Rickitt quit after only 16 months. "They probably thought I was off my trolley," he acknowledged. "A job like that is fantastic; it gives you security. On the down side, I was only a young guy. I hadn't experienced anything else in the business. I wasn't married. I don't have kids. It wasn't too traumatic to leave."
He enjoyed a moderately successful pop career with three hit singles and an album, but claims he grew disillusioned by the shallow music world. He reinvented himself as theatre actor in the musical Rent, causing a minor storm by appearing bare-chested on the cover of gay magazine Attitude. But he has always been unashamedly metrosexual and seems to enjoy being a gay icon.
"I'm straight and very comfortable with that," he told one reporter. The tabloids claim his bed-hopping past gave Tory party chiefs some concern. Rickitt admits he dated so many female fans he lost count. Corrie babe Samia Smith is reported to have shared his bed as has his former Rent co-star Jane Doyle. Rickitt himself insists he is a true romantic.
"I think when you're born, your soul is split into two and given to your perfect partner. When you see each other you'll be with each other for ever."
The youngest of four brothers, Adam Peter Rickitt (a self-confessed mummy's boy) was born in 1978. He followed his brothers to Sedbergh School in Cumbria (despite being once suspended for drunkenly peeing on a housemaster's chair). He passed five A-levels, but an injury put paid to a rugby career - and temporarily made him bulimic. "I was so depressed my rugby dreams were gone that I'd shove food in my mouth until I could hardly move - then I'd go and be sick."
He was already a pin-up: the local girls' school co-opted him as a model for their GCSE fashion show. However, Rickitt kept his desire to be an actor secret. "I was accepted at Cambridge to study law, but the day I got my results I told my dad what I really wanted to do. His jaw virtually hit the floor."
There is an honourable tradition of soap stars making the leap to serious acting. Michelle Collins and Tamzin Outhwaite have became two of TV's most bankable stars, while Daniela Denby-Ashe shone in North and South. So why has Rickitt found the leap harder? "I think the problem for Adam was he learned on the job in front of millions of viewers," says Murphy. "With all due respect he wasn't that great an actor when he started. He got there, but it took a while."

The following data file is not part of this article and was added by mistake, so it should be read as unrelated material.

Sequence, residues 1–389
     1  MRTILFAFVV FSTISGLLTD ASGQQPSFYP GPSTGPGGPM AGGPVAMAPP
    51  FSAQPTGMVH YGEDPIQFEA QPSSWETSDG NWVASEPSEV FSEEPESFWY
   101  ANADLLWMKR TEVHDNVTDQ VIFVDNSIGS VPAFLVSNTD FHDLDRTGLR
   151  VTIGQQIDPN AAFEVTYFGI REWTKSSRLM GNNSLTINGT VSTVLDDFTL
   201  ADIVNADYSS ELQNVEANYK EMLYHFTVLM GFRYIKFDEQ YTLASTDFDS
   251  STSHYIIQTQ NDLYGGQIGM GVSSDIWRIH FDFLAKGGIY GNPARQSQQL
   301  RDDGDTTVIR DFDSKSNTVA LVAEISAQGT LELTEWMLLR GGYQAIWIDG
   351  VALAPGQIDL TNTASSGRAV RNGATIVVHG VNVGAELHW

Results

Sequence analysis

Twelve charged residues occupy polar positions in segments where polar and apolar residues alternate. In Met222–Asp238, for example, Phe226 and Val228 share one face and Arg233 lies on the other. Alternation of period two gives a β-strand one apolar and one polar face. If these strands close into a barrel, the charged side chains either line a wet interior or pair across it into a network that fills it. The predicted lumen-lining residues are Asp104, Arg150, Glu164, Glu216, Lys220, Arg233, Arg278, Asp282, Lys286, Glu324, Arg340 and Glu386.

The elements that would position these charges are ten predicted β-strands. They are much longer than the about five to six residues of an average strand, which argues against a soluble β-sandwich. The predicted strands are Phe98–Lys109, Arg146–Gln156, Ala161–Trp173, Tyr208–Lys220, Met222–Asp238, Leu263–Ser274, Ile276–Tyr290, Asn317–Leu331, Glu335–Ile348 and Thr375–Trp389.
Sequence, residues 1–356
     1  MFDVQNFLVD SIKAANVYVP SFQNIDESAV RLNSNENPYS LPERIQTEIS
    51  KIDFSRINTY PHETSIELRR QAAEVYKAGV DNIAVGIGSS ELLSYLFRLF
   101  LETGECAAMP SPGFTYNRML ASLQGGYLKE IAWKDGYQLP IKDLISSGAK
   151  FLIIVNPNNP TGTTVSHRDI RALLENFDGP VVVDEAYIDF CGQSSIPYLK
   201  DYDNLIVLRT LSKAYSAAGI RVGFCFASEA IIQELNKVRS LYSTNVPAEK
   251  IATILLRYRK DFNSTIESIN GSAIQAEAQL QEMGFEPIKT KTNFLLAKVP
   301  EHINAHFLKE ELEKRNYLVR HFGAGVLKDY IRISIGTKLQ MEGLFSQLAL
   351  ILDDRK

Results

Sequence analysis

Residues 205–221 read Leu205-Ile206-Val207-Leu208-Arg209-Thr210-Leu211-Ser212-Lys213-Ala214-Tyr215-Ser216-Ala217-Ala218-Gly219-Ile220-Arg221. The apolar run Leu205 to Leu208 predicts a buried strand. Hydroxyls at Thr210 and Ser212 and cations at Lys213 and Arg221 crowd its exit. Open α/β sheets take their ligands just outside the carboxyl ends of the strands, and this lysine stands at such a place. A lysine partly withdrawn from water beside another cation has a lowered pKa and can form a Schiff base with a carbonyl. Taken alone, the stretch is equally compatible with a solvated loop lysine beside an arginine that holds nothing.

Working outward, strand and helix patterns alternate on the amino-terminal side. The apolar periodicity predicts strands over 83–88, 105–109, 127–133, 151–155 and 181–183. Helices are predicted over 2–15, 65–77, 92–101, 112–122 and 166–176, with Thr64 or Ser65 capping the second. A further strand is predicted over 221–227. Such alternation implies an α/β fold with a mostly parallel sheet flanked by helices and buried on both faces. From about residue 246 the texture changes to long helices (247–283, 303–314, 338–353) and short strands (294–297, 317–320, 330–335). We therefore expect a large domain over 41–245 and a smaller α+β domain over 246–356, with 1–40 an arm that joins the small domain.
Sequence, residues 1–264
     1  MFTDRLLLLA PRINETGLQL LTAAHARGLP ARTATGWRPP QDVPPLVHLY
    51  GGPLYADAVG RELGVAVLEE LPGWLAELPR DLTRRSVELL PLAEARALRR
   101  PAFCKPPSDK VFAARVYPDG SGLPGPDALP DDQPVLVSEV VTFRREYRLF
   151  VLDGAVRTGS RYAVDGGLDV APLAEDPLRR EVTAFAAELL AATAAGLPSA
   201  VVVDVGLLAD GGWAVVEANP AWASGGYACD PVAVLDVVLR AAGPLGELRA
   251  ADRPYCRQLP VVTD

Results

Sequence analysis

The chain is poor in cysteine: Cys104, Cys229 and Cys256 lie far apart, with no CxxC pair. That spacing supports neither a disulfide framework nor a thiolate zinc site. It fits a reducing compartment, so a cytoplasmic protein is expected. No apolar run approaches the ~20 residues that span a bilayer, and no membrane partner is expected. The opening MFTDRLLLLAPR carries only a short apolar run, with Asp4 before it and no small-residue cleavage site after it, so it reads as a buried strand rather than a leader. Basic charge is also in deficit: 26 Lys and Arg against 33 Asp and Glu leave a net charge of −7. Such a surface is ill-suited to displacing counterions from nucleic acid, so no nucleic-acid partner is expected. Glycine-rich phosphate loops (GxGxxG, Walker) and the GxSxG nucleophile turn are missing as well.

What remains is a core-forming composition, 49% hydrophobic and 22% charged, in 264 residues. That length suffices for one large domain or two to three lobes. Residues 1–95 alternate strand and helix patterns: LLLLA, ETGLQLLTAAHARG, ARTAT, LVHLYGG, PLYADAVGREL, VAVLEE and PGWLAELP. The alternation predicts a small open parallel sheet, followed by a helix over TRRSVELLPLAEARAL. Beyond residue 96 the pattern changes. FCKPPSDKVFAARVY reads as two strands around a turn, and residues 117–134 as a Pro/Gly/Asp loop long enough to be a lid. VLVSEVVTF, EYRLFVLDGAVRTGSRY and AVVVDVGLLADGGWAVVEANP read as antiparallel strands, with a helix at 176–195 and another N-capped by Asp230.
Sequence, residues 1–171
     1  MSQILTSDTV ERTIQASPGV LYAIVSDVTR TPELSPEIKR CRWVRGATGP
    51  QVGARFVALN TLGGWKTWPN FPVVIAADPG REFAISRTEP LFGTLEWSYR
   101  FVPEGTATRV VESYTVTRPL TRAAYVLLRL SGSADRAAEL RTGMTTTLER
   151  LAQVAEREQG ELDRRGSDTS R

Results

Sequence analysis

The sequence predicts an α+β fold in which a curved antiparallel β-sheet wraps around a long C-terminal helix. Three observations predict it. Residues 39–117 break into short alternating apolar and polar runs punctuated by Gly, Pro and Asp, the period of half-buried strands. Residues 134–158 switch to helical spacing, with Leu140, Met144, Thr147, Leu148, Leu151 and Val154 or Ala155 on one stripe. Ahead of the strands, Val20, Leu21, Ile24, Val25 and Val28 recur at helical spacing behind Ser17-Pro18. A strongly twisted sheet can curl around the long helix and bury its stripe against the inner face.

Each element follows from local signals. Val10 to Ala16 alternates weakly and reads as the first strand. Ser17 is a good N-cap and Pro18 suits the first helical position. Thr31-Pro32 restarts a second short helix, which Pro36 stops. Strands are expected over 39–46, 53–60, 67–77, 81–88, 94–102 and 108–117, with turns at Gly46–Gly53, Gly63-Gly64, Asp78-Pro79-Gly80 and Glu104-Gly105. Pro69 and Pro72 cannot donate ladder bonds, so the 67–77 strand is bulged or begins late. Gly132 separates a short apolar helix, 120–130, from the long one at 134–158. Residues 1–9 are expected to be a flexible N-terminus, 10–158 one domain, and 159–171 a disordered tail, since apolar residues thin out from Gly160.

Rickitt found himself drifting back to Coronation Street (his last major appearance was in 2004). More recently he has carved out a career as a reality TV star. As well as C4's The Games, he took part in Five's Alive: Back to the Andes, in which a group of C-listers recreated the feats of survivors from the Andes plane crash.
Whatever the truth behind his impatience to stick with any one job for too long, Rickitt has certainly grown up. "When I came into the business I was very green," he recalls. "The pitfalls are that you're too open and too trusting... you learn to see who your friends are very quickly."
His latest incarnation as one of "Dave's babes" may be his best casting yet, according to Steven Murphy. "Crucially he has that totty factor." Will he encourage younger voters? "There seems to be a lot of apathy among that age group, so it could be something that young people hook on to. You can't have him saying, 'Yeah, everyone's going to have a 20 quid record token and free cider when they're 16 as one of my policies.' But I'm quite sure a pretty, buff-toned boy isn't going to go badly wrong."